The blogosphere is doing a reasonably good job of covering this, but I’m still fuming over Senator Tom Harkin’s (D-IA) health care policy hearings. Each morsel of the hearing contains more idiocy than the last. In my attempt to shed some light into Harkin’s guano-filled cave, I’m going to examine some of the specific testimony, starting with that of Dr. Dean Ornish.
Medicine today focuses primarily on drugs and surgery, genes and germs, microbes and molecules, but we are so much more than that.
When I hear statements like this, my bullshit detector asplodes. Sure, it’s only one sentence out of many, but it really sums up the entirety of the testimony. It asks the question, “what is medicine, really?”
I’ll take a shot at that one, given that I’m actually a practicing internist. Doctors practice medicine. Medicine is the application of science in the prevention and treatment human disease. Not so long ago, medicine was defined only by the final clause—science wasn’t as critical, and any well-intentioned healer could be said be be practicing medicine. We’ve grow a bit. How? By understanding how drugs act on they body and what outcomes they produce. By discovering genetics and how genes influence health and disease. By discovering micro-organisms and the diseases the cause, and by learning how to stamp them out. By understanding that human beings are, in the end, simply a part of the physical world—they are made of “star stuff”, but that star stuff is organized into molecules, genes, cells, tissues, organs. One of those organs is the brain, through which we interact with and alter our environment. But we are still physical beings, and our health depends on physical processes. In short, we are not “so much more than” matter.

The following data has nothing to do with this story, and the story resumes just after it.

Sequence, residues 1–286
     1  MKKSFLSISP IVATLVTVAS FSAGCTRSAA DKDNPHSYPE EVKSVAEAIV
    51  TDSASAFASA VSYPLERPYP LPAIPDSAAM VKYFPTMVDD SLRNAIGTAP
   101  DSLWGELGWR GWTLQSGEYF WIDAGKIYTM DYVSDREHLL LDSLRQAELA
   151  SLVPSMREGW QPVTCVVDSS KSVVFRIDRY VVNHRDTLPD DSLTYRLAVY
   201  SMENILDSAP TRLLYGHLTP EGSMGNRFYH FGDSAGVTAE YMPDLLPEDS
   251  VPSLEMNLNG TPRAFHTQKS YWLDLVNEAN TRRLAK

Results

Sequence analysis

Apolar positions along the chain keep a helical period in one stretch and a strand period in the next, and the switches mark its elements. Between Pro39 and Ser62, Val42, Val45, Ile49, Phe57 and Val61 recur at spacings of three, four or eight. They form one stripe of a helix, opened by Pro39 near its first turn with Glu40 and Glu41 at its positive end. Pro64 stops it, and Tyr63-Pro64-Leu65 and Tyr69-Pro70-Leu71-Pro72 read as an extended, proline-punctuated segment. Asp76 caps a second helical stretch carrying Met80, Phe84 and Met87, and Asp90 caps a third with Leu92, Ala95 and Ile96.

Sure, our consciousness makes us kinda special, but it doesn’t really change the story. Doctors who utilize scientific medical knowledge with compassion are doing their job. Those that claim to have special knowledge above and beyond the physical universe should have gone to seminary.